The outcome of last OPEC meeting held in Vienna, Austria on the 31st of May 2013 was an unexpected departure from the past, openly admitting for the first time, the threat to its dominance in global oil supplies – hydraulic fracturing and horizontal drilling. Fracking is indisputably changing the geopolitical dynamics of global energy supplies and challenging the survival of oil export dependant nations like Nigeria. The grave consequences of this fracking revolution on our economy can never be underestimated by any right thinking government. So what is fracking?
Fracking is the process of forcing water, chemicals and sand at high pressure into shale rock deposits underground. This process causes the rock to fracture and allows recovery of shale gas and shale oil, otherwise known as "tight oil", that was trapped in the rock. It enables wells that would flow only at very low rates to produce oil and gas in commercially viable volumes ~ Financial Times Lexicon
Hydraulic fracturing accompanying by horizontal drilling has provided the US the opportunity of cleaner and less expensive source of energy. Despite being a contentious way of extracting energy by environmentalist, recent interest in development of local Shale gas by China, UK, Argentina, etc. and technological advancement, indicate a deviation from the convectional dependence on OPEC supplies. Few weeks ago, one of America’s corporate giants, GE announced it is investing billions of USD into fracking cutting edge technology in a plant in Oklahoma. Similarly, South African energy company, Sasol, gave a nod toward a multi-billion USD investment for the construction of two plants in Louisiana, which will produce transportation fuel and fuel additives. The fact also that China is planning a huge investment in fracking locally, to realise its ambitious energy targets and meet its ever increasing energy demand, should be of great concern to the Nigerian government, which its economy revolves on the pivot of crude oil export and global oil prices.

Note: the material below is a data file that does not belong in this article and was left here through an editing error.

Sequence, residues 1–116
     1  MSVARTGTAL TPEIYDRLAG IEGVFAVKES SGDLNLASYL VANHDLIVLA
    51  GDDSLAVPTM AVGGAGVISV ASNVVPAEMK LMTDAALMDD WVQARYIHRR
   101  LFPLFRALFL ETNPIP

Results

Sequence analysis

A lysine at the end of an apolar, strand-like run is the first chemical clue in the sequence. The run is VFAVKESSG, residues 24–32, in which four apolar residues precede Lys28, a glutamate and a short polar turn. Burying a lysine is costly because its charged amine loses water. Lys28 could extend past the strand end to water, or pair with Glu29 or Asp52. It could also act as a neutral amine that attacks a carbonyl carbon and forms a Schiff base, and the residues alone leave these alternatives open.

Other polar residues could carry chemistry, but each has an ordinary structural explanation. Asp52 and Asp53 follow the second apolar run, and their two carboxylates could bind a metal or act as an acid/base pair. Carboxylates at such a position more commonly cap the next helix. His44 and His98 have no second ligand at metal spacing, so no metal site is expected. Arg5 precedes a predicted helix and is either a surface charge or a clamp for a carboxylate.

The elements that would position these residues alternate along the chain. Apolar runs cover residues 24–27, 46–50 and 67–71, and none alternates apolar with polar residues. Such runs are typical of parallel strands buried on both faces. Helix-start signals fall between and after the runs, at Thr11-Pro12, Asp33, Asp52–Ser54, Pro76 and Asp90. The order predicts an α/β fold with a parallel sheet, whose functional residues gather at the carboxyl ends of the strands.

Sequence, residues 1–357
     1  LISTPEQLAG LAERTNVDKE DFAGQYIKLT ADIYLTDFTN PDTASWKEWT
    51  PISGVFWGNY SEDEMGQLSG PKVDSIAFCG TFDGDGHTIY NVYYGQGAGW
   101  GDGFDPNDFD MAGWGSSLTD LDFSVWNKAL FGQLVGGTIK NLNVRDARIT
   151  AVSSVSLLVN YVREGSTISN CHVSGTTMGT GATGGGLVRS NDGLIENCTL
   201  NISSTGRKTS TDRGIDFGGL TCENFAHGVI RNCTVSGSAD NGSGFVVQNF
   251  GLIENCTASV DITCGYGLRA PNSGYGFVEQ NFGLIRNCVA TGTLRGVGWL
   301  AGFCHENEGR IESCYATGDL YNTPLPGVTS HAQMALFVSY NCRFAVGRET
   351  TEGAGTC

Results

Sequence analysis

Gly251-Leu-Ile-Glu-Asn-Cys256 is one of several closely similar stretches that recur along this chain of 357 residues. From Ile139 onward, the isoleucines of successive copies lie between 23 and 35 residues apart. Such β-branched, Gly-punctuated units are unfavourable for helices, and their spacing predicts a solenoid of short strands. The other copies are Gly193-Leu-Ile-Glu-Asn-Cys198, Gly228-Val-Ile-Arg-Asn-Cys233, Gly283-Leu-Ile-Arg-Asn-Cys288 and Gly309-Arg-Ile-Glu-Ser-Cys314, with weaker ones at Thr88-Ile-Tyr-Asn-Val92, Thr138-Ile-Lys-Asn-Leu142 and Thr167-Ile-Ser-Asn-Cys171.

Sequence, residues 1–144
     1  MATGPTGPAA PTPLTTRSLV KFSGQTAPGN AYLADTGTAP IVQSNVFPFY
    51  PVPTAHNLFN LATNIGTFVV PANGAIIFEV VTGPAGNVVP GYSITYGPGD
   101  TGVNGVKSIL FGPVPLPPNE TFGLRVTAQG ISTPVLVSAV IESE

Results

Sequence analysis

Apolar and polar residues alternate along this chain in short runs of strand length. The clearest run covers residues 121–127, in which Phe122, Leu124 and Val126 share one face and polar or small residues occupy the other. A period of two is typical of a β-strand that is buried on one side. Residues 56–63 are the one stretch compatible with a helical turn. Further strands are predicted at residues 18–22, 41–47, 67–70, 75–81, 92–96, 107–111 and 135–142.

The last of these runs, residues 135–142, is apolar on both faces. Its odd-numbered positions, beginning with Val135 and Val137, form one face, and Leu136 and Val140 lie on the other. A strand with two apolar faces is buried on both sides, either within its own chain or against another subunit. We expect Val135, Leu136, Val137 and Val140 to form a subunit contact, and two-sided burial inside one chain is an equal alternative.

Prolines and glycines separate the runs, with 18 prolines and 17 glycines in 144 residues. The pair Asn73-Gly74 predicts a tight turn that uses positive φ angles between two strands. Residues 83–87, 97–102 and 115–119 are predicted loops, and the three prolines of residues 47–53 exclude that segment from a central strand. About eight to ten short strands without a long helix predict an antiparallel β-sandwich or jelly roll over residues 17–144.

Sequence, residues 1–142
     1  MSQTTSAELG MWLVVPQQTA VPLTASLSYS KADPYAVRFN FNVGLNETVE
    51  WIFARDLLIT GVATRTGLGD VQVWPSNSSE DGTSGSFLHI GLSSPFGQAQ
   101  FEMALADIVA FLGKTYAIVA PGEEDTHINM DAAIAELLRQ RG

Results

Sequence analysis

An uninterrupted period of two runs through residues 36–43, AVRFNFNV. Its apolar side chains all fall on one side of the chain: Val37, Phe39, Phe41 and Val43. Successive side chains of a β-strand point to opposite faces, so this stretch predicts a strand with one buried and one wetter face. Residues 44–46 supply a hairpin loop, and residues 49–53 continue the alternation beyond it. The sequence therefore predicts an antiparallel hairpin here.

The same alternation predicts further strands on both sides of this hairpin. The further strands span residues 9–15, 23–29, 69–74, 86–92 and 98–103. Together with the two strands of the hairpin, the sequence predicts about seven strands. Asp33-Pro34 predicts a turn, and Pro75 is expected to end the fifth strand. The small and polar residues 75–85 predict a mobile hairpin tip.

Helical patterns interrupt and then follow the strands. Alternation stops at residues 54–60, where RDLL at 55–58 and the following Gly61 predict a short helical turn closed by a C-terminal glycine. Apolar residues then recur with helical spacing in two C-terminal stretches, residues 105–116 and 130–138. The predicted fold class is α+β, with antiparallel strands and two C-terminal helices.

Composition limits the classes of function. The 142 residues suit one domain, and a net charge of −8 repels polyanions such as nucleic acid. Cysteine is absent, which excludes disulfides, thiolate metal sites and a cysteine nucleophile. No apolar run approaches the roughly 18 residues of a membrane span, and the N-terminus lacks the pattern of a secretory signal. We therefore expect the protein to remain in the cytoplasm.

Nigerian Minister of Petroleum Diezani Alison-Madueke recently declared US Shale Oil “a grave concerned” while her Saudi counterpart Ali al-Naimi says he welcomes the Shale boom. The reason is that in 2012 from 2011, US oil production increased 21%, while African nations – Nigeria, Algeria, Angola and Libya exports fell by 41% mainly due to effect of shale oil fracking revolution and insecurity. Recent report of staged walkout by State Finance Commissioners on the Minister of State Finance, Yerima Ngama, at the Federal Account Allocation Committee (FAAC) – national cake sharing meeting, is a pointer to the fact that despite touting average 7% annual GDP increase as economic growth by President Jonathan Administration, Nigeria economy is in a gloomy situation. In my opinion, the combination of dwindling revenue, reckless spending and increasing youth unemployment/ underemployment rate is a greater national security threat than Boko Haram insurgency!
In this new epoch, we cannot afford to take a pew and observe as we have done in the past. This is an urgent call for the economic management team to swing into action by developing and implementing clear policies to mitigate the effect of dwindling oil revenues as a result of surge in Shale gas production and oil theft in the Niger Delta. The following below are some measures, which the government need to consider: